M. Maksimowski and R. Tampi [18] in a systematic review reflecting the results of 18 randomized controlled trials of the effectiveness of psychostimulants (methylphenidate, dextroamphetamine and modafinil ​6​᠎ ) report a significant reduction in reaction time, a decrease in depressive symptoms, an increase in concentration attention or improvement of short-term (within 30 days) motor memory in patients with TBI, only in separate studies and in general, they state the absence of fundamental differences in the effects of the noted drugs from the effect of placebo.

Data were obtained [19] on the superiority of methylphenidate (in combination with methods of metacognitive rehabilitation) over placebo in the ability to increase attention, improve episodic and working memory, as well as executive functions in individuals with cerebral injury.

Treatment of mental disorders

Mental disorders that develop in acute and chronic periods of brain injury often require the appointment of psychotropic drugs. In these cases, psychopharmacological therapy is symptomatic.

In connection with the above-mentioned predominance of mood disorders in TBI, a special place in the treatment of mental disorders is occupied by normothymic drugs (anticonvulsants-normothymics, lithium preparations). An equally important role belongs to antidepressants as first-line drugs in the treatment of depression and disorders associated with anxiety.

Benzodiazepines and related Z drugs may also be used in the treatment of anxiety and sleep disorders ​7​᠎ . Buspirone, etifoxine, and pregabalin represent a definite alternative as the newest of these and the most promising treatment for anxiety disorders.

Psychotic disorders are, of course, a direct indication for the prescription of antipsychotics (neuroleptics). It is important to note, however, that the use of antipsychotics for the treatment of non-psychotic psychiatric disorders (eg, dysphoria and behavioral disorders) is not only an undesirable but often misguided ​8​᠎ therapeutic decision.

As noted above, TBI is characterized by a deterioration in the tolerance of psychotropic drugs, therefore one of the leading principles of symptomatic therapy is the administration of drugs in the minimum therapeutic dose, its increase is permissible only if the therapeutic effect is insufficient and there are no noticeable side effects.

When choosing psychotropic drugs for the treatment of TBI, preference should be given to new generations of drugs with an optimal balance of efficacy and tolerability, such as selective serotonin reuptake inhibitors (instead of tricyclic antidepressants and monoamine oxidase inhibitors) and atypical antipsychotics (instead of typical representatives of this class).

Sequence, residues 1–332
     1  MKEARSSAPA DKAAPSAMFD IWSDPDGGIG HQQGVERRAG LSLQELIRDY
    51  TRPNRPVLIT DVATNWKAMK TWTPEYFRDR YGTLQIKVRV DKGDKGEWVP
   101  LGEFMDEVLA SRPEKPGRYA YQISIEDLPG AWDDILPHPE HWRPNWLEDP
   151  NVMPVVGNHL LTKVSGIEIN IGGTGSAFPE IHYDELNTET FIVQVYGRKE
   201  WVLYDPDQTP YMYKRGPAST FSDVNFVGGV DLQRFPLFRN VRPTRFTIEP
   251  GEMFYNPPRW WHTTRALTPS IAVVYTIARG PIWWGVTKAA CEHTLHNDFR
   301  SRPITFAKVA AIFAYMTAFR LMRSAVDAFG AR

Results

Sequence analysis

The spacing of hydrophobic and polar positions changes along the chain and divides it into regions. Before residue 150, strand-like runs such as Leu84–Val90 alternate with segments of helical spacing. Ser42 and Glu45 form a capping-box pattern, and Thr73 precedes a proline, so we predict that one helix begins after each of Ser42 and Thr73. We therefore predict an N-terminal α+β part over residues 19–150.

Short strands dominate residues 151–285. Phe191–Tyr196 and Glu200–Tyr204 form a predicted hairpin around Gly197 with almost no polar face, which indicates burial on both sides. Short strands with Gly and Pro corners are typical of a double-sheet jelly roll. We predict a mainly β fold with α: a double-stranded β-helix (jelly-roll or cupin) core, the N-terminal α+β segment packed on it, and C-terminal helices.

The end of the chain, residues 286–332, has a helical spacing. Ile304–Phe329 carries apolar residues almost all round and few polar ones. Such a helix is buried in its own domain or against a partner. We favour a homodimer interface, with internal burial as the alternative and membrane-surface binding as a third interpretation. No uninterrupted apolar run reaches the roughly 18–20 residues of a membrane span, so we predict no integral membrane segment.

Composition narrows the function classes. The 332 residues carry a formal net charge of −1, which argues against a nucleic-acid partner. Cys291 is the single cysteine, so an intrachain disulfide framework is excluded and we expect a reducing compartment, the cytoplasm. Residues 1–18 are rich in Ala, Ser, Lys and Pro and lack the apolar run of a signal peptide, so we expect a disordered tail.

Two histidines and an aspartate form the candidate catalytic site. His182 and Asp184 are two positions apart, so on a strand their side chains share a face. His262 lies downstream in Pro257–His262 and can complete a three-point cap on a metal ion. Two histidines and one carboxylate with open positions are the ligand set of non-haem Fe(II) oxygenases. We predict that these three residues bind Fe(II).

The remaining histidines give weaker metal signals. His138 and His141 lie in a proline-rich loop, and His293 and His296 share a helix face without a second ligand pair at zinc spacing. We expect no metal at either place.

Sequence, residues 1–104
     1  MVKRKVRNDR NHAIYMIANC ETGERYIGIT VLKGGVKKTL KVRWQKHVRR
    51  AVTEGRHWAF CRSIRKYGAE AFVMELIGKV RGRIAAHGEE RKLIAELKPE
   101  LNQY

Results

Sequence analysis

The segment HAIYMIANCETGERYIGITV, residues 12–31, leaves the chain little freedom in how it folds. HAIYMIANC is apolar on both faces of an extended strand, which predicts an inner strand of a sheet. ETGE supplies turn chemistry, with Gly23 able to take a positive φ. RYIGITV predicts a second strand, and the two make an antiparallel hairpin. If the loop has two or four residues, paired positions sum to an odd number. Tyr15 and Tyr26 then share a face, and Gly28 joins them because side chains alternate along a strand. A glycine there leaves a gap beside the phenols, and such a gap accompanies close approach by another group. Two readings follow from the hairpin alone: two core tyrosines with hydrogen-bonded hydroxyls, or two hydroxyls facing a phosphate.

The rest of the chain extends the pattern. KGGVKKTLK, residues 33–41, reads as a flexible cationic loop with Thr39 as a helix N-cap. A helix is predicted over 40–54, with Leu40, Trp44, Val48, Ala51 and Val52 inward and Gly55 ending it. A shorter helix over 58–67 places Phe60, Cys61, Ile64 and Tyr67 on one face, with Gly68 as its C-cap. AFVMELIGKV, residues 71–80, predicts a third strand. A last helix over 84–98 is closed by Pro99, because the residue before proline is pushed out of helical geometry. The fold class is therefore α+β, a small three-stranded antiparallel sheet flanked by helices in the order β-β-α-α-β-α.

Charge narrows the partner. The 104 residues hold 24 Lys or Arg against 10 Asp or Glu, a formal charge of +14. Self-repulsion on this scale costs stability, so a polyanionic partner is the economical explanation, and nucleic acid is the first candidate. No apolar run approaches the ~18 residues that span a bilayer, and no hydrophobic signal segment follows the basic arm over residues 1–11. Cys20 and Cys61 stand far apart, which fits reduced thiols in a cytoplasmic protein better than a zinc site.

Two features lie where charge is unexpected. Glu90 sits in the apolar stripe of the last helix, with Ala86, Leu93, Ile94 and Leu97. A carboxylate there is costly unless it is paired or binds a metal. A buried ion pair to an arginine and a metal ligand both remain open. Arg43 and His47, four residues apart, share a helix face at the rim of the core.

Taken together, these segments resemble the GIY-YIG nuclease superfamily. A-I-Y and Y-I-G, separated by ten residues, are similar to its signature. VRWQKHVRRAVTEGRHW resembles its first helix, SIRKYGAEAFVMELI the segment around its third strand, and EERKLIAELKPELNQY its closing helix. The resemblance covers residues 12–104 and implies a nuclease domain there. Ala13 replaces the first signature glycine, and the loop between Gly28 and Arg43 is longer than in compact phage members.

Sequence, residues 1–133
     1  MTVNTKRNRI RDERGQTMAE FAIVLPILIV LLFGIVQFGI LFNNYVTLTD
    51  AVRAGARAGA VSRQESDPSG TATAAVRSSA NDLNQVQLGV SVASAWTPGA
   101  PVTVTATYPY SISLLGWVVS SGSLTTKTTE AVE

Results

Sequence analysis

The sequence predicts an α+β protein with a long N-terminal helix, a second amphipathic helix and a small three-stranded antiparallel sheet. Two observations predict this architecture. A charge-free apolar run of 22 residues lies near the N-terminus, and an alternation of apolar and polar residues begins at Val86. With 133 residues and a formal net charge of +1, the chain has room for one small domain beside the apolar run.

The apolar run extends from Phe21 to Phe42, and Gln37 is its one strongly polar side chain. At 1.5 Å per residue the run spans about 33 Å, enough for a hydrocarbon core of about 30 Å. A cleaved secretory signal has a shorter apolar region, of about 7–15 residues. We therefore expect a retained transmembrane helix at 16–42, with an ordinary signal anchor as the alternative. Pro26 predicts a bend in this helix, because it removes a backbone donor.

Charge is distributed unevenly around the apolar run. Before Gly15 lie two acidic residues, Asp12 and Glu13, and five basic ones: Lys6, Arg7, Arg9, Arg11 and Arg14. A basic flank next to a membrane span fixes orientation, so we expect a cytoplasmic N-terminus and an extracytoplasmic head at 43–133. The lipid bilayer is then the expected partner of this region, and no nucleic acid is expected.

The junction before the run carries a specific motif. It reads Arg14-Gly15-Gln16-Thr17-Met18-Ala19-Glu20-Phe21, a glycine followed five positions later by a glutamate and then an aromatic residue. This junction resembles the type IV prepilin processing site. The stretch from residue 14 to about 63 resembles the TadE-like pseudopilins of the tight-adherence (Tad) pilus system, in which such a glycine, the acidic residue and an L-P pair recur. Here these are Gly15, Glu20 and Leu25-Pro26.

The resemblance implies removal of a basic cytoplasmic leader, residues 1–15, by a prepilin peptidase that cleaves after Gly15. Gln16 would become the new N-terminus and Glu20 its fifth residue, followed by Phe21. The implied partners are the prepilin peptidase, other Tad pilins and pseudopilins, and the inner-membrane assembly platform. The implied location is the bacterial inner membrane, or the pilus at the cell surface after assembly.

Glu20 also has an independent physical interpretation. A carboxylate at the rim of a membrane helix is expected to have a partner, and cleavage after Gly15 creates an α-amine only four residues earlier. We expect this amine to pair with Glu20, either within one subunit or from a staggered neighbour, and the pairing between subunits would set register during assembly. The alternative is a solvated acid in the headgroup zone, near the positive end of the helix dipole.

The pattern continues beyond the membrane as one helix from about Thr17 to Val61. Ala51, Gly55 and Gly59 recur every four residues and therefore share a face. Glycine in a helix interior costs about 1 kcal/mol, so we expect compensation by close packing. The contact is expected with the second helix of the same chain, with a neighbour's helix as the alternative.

It should also be taken into account that the use of antipsychotics in elderly people with dementia increases the risk of premature death [20, 21], and the relationship between antipsychotics and mortality is dose-dependent [22].

In experiments on rats, the ability of mifepristone, blocking glucocorticoid receptors ​9​᠎ (but not spironolactone, as a mineralocorticoid receptor antagonist), was noted to prevent the onset of anxiety associated with TBI; researchers suggest that the use of such approaches in acute cerebral injury can prevent anxiety disorders in victims [23].

Behavioral strategies, including cognitive behavioral therapy, which, according to D. Black and N. Andreasen [2], “may be extremely useful” for patients with neurocognitive disorders associated with with cerebral injury.

The authors of one of the Cochrane reviews [24], noting the limited nature of the existing data on cognitive behavioral therapy for TBI (single randomized controlled trials met the inclusion criteria), are very cautious about the effectiveness of such therapy and neurorehabilitation in patients with symptoms of generalized anxiety and acute stress response, indicating the need for further research in this direction.

Summarizing the data presented in the article, it can be emphasized that traumatic brain disease manifests itself in a wide range of acute and chronic disorders, the symptoms of which are determined by the severity and duration of the injury, the location of the cerebral lesion, the individual characteristics of the patient's reactivity, and many other factors.